a woman is upright and confident, as a transparent version of her layered on top falls limp from fatigue

Fatigue - The Invisible Side Effect

Fatigue is sadly something that is often with me. It comes and goes. I don’t know when it will really hit me. I’ve had such a bad time with it that I have been on every treatment available for chronic myeloid leukaemia to try and find one that doesn’t destroy me so much. It got so bad that I was offered a stem cell transplant for quality of life reasons. And then I was able to access a trial drug with compassionate use as I can’t tolerate the standard dose, so can’t be in a trail, and it was magical! I felt like me again. I had my energy levels back.

Fast forward a year and a half

My energy is crashing again. This happens when I switch drugs. The impact is accumulative, I never know how long it will take. With this drug though, I’ve had the longest space of time feeling ok with my energy. And it was beginning to get really challenging again and then I was told that if I keep my results, which have been consistently really good, until November, I can come off treatment! So I am keeping going. Even though it’s 6:30 pm and I had 10 hours of sleep last night and I’m exhausted, and I’m really struggling with focus at the moment because I’m tired all the time. I’m going to put up with it.

I’m 35 and I’ve basically spent the last 11 years exhausted and unable to live my life properly. I’ve needed between 10 and 12 hours of sleep every night just to get through the next day, well to the next afternoon. I can’t stand up for long periods of time. I worry in social situations about if there will be somewhere that I can sit.  Everything takes effort because everything is an effort. And I’m finding it hard to remember the year and a bit I’ve had on this new drug feeling good.

Learning to allocate my energy

I have to balance every minute of every day. I have to plan everything. Things coming out of nowhere can really unsettle me as I haven’t planned for it. I haven’t allocated energy to it. I don’t know if I will be able to do that as well as everything else I have in the diary for that day. I’m not very good at last minute things because I need to know what the week is like before it happens. So I know how much, or rather, how little I have to do at the weekend to recover so I can get through the next week.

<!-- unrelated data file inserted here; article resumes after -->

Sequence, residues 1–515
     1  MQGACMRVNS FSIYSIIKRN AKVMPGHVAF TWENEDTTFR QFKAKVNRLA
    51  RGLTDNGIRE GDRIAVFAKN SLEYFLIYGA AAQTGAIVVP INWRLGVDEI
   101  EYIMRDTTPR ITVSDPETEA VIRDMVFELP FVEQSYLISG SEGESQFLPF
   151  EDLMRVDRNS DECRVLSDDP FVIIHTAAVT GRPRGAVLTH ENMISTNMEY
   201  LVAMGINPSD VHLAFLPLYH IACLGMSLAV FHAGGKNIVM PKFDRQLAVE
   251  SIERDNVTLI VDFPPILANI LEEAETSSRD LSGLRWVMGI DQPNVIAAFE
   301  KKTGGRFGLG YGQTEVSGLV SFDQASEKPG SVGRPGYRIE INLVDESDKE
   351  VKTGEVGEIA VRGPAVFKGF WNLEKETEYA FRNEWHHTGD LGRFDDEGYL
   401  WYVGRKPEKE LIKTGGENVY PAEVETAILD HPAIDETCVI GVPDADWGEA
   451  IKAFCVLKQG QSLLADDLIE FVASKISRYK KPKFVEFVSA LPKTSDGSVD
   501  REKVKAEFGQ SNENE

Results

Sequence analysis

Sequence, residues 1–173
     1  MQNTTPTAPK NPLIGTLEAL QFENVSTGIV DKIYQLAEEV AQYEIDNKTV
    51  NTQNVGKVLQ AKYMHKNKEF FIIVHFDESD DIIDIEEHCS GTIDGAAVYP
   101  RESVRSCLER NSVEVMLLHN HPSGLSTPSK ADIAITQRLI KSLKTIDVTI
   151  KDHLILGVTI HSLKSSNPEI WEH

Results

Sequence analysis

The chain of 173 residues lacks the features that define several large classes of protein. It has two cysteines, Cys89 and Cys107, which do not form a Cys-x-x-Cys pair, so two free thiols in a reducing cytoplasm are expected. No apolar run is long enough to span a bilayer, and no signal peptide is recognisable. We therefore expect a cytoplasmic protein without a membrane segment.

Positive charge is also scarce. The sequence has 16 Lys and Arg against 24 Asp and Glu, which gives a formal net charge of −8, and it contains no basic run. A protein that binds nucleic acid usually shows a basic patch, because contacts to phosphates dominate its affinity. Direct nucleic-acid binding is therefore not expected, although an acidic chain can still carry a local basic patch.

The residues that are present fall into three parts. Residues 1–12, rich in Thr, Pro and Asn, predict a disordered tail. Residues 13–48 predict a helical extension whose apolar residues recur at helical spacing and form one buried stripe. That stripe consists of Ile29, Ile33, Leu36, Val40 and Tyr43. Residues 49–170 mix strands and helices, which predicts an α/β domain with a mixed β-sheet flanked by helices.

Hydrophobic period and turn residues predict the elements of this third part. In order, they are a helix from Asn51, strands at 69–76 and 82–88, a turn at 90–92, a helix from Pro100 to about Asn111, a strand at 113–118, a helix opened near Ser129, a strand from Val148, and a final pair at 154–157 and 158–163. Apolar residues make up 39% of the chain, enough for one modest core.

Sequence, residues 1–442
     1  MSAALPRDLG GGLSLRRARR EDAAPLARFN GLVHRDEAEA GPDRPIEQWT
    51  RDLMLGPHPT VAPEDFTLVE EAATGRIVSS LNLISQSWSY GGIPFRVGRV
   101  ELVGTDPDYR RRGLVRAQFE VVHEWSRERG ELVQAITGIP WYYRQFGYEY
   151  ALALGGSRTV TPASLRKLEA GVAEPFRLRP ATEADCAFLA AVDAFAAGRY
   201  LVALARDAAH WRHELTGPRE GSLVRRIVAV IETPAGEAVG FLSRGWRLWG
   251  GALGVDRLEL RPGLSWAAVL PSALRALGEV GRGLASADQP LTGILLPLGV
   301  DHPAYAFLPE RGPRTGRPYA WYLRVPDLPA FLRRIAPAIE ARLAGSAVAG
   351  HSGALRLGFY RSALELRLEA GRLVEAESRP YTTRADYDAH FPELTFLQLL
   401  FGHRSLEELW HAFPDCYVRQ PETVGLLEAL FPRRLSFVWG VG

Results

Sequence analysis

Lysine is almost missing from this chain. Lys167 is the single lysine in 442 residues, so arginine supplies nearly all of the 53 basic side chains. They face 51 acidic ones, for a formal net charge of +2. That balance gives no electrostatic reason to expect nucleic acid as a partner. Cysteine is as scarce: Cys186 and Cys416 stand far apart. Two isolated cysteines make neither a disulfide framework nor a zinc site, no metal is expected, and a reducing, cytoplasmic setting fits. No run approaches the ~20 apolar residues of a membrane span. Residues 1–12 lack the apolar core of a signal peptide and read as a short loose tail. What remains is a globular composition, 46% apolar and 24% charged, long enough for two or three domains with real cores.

And people don’t understand why I am like this. They aren’t that forgiving when I question what social plans to find out exactly what time to meet, or where, or how long whatever it is we are doing will last for. What time it will end. What time I might be in bed so I can calculate how many hours sleep I will get and the impact it will have on tomorrow.

In our 3rd Annual Blood Cancer in America survey, over 8 in 10 of respondents reported having experienced fatigue as a symptom of their blood cancer; 93% of those surveyed experienced symptoms in the past month, fatigue being the most common - and this person across the pond gets it. It’s sh*t, I won’t deny that. But I just try and focus on the good days and knowing that when it’s really bad and I’m aware of my eyeballs, can feel every blink, and every cell in my body feels heavy. Tomorrow could be a better day and I just focus on getting into bed at the end of today.

By providing your email address, you are agreeing to our privacy policy.

This article represents the opinions, thoughts, and experiences of the author; none of this content has been paid for by any advertiser. The Blood-Cancer.com team does not recommend or endorse any products or treatments discussed herein. Learn more about how we maintain editorial integrity here.

Join the conversation

Please read our rules before commenting.

Community Poll

Have you taken our In America Survey yet?